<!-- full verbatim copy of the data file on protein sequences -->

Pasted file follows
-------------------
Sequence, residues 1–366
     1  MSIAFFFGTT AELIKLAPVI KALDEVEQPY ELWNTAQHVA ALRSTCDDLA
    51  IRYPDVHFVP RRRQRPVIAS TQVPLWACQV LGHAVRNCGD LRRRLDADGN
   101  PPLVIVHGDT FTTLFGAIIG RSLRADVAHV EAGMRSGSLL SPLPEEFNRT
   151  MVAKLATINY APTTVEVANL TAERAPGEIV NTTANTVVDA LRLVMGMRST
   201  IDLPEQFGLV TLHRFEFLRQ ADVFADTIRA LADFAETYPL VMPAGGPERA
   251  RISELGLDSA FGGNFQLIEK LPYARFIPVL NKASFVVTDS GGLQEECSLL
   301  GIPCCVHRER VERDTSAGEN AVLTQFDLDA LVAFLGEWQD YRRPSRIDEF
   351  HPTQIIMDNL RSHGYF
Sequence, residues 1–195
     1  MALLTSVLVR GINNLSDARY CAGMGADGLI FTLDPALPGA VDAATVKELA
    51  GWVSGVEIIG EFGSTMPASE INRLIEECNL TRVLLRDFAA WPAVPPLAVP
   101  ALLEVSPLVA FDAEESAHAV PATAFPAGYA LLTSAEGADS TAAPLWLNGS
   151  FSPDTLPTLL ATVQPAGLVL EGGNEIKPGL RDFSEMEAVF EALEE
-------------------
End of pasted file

Sequence, residues 1–366
     1  MSIAFFFGTT AELIKLAPVI KALDEVEQPY ELWNTAQHVA ALRSTCDDLA
    51  IRYPDVHFVP RRRQRPVIAS TQVPLWACQV LGHAVRNCGD LRRRLDADGN
   101  PPLVIVHGDT FTTLFGAIIG RSLRADVAHV EAGMRSGSLL SPLPEEFNRT
   151  MVAKLATINY APTTVEVANL TAERAPGEIV NTTANTVVDA LRLVMGMRST
   201  IDLPEQFGLV TLHRFEFLRQ ADVFADTIRA LADFAETYPL VMPAGGPERA
   251  RISELGLDSA FGGNFQLIEK LPYARFIPVL NKASFVVTDS GGLQEECSLL
   301  GIPCCVHRER VERDTSAGEN AVLTQFDLDA LVAFLGEWQD YRRPSRIDEF
   351  HPTQIIMDNL RSHGYF
Sequence, residues 1–195
     1  MALLTSVLVR GINNLSDARY CAGMGADGLI FTLDPALPGA VDAATVKELA
    51  GWVSGVEIIG EFGSTMPASE INRLIEECNL TRVLLRDFAA WPAVPPLAVP
   101  ALLEVSPLVA FDAEESAHAV PATAFPAGYA LLTSAEGADS TAAPLWLNGS
   151  FSPDTLPTLL ATVQPAGLVL EGGNEIKPGL RDFSEMEAVF EALEE